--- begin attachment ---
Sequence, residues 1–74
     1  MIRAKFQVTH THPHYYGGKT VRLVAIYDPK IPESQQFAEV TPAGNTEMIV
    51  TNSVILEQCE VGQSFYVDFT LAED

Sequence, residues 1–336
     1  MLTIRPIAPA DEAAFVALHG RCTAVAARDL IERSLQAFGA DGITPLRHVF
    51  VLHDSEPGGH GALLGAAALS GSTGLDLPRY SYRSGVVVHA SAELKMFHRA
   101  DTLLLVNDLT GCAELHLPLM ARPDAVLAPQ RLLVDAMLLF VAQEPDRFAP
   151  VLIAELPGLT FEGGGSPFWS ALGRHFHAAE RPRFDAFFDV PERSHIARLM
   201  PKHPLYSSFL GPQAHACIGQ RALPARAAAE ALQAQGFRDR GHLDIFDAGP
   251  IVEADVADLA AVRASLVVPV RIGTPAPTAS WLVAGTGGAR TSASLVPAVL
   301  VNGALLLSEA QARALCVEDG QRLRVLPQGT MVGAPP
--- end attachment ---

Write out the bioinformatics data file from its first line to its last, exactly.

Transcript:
Sequence, residues 1–74
     1  MIRAKFQVTH THPHYYGGKT VRLVAIYDPK IPESQQFAEV TPAGNTEMIV
    51  TNSVILEQCE VGQSFYVDFT LAED

Sequence, residues 1–336
     1  MLTIRPIAPA DEAAFVALHG RCTAVAARDL IERSLQAFGA DGITPLRHVF
    51  VLHDSEPGGH GALLGAAALS GSTGLDLPRY SYRSGVVVHA SAELKMFHRA
   101  DTLLLVNDLT GCAELHLPLM ARPDAVLAPQ RLLVDAMLLF VAQEPDRFAP
   151  VLIAELPGLT FEGGGSPFWS ALGRHFHAAE RPRFDAFFDV PERSHIARLM
   201  PKHPLYSSFL GPQAHACIGQ RALPARAAAE ALQAQGFRDR GHLDIFDAGP
   251  IVEADVADLA AVRASLVVPV RIGTPAPTAS WLVAGTGGAR TSASLVPAVL
   301  VNGALLLSEA QARALCVEDG QRLRVLPQGT MVGAPP